Lowering expectations. Raising hopes.

Lookid here now, Mrs Old Enough To Know Better. I know that Our Jacob has Down syndrome. I have a bagful of incidental knowledge about the condition, and I also have a built-in radar for the slit-eyed, sidelong glances that some people keep throwing at him. Yes, he looks different. Yes, I know all the words that are crossing your mind right now, because narrowing your eyes doesn’t do enough to hide them. But you know what, Mrs Old Enough To Know Better, your own grandson is not going to catch it across the playground. Chill out, grandma. Take a leaf from this other lady here, the one who’s cooing and gooing at Our Jacob even though she’s never met him before. She looks like she wants to pick him up and run away with him. And now I ask myself the stupidest question again. Does she know that he has, you know…? Maybe she doesn’t. He’s a pretty smart boy, and maybe she sees that, and then she can see all his other fine qualities too and maybe of all the kids with Downs he’s gonna be like, you know, completely normal and-


King of the swingers


Play ball!

And then you kick your own arse into wakefulness, because somewhere between those two extremes, between the mean narrow-eyed spirit that’s looking at my son’s features like he’s a car accident and the well meant super-compensation of the lady dressed all in natural fibres, is where you have to live. You are the parent of the boy with a life-long condition, and you must be alert to things that others can be relaxed about. But you also have to remember that he’s just a boy, and don’t always wear that Downs Dad hat too automatically because for an awful lot of the time the Downs part of it is an irrelevance.

I know I’m wandering here, but frankly I’m using this post to arrive at some conclusions myself. (Sorry if that drags everybody around the houses a bit as I write, but hopefully there’ll be pictures too, so you can cut straight to them if you like.) I come from a house where no huge pressure to achieve was brought to bear. No monumental expectations were lowered on shoulders. Just do your best, that is what we think you should do. I love my parents for that, because I learned early enough that they had freed me to be myself. That is, I hope, what I will encourage my own boys to do, Jacob included. I have never lowered my expectations for him. I never said this boy’s going to be on the slow bus. He will, I hope, do his best. He will be on the bus.

I’m not entirely naive here. I know he’s not going to be an astrophysicist. That’s fine. I know a bunch of them and they’re disagreeable individuals, usually with body odour issues. Always shooting for the bloody stars and forgetting that in space you can’t smell the roses. And he’s never going to be a corporate lawyer either, so that’s another thing less to worry about. He’s a fundamentally smart kid with an honest face and a big sense of humour. I don’t think we’d ever allow him work in a bank.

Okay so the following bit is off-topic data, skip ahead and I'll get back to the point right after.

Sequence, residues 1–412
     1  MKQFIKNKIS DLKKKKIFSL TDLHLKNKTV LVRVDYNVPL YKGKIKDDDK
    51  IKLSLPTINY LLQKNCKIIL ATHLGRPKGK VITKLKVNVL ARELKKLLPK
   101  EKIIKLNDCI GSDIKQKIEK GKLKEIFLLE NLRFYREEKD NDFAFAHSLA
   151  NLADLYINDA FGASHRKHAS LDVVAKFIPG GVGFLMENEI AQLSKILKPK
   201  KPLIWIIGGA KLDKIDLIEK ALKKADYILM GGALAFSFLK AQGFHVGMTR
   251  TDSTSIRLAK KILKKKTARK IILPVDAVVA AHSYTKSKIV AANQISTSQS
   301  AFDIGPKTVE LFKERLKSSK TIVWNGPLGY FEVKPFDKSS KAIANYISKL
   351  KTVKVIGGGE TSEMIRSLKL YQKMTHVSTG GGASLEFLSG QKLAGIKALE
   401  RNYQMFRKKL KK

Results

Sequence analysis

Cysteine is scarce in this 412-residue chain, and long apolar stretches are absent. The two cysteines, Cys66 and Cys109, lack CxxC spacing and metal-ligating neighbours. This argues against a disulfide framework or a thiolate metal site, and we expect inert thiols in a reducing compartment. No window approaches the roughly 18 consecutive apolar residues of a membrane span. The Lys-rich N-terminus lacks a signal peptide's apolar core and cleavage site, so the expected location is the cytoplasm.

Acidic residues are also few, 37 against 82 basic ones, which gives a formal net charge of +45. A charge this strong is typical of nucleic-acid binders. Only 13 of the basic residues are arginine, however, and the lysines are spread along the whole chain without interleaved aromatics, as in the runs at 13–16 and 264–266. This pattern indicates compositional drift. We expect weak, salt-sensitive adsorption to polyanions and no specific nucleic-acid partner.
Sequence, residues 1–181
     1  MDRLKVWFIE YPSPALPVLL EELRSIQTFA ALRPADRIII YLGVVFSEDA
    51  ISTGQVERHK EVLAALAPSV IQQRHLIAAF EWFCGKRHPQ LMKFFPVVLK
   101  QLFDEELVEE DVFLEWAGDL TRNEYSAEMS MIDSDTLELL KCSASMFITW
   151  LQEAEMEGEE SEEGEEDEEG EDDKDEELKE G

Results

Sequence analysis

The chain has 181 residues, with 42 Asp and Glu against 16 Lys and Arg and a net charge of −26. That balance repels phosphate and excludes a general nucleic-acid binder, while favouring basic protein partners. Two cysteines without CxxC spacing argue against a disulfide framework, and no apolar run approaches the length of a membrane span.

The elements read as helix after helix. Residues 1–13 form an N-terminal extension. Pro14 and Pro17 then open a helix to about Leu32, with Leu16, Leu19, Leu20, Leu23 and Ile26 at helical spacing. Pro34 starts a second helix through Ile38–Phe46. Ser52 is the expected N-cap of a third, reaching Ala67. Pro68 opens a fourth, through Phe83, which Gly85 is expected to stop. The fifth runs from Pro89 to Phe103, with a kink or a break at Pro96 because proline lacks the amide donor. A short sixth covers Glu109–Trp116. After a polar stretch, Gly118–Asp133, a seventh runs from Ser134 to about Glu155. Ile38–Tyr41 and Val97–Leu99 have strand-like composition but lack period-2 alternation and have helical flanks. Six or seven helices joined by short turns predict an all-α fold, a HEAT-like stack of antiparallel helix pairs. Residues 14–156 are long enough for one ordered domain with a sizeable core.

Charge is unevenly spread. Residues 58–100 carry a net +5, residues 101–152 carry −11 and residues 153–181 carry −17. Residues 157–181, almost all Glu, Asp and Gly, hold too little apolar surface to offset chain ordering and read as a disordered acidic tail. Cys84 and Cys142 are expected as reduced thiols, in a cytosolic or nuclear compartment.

Other people have, of course, much lower expectations for Jacob. I don’t know these people, but whenever I actually notice those around me, there’s often one or two of them in the crowd. They’re eyeing up the blissfully unaware Jacob (He gets that unawareness trait from me. It drives herself to dementia when I hear the –hear what I just said? part of her conversations but nothing before that nugget. It’s like a code phrase that snaps me out of my daydreams. But if he’s ignoring her then it’s just cute. Yes you are of course correct, it is unfair. There’s an imbalance here that needs to be adressed by someone in authority. That’ll probably be herself.)

But anyway, where was I? Oh yes, those eyes in the crowd that parents of Ds know so well. If their furtive sideways glances at your child get you on the wrong day, they can upset the whole applecart. If you’re fragile you could end up getting into difficulties in a deep Kleenex somewhere. If it’s the other wrong kind of wrong day, you could be explaining your actions to the guys in blue. Yes, officer, I am aware that reefing her thong up over the back of her head and snagging it on her (long) nose caused her some distress, but did you see the way she looked at my boy? Did you??? And a yeast infection is the least of her worries, I should think…

Anyway, to conclude this wandering ode to silliness, what are the learnings?

  1. Lower your expectations. Not of your child, but of a certain set of people with whom you will invariably come into contact. I have minted a fresh word for these people.It begins with a and ends in ssholes.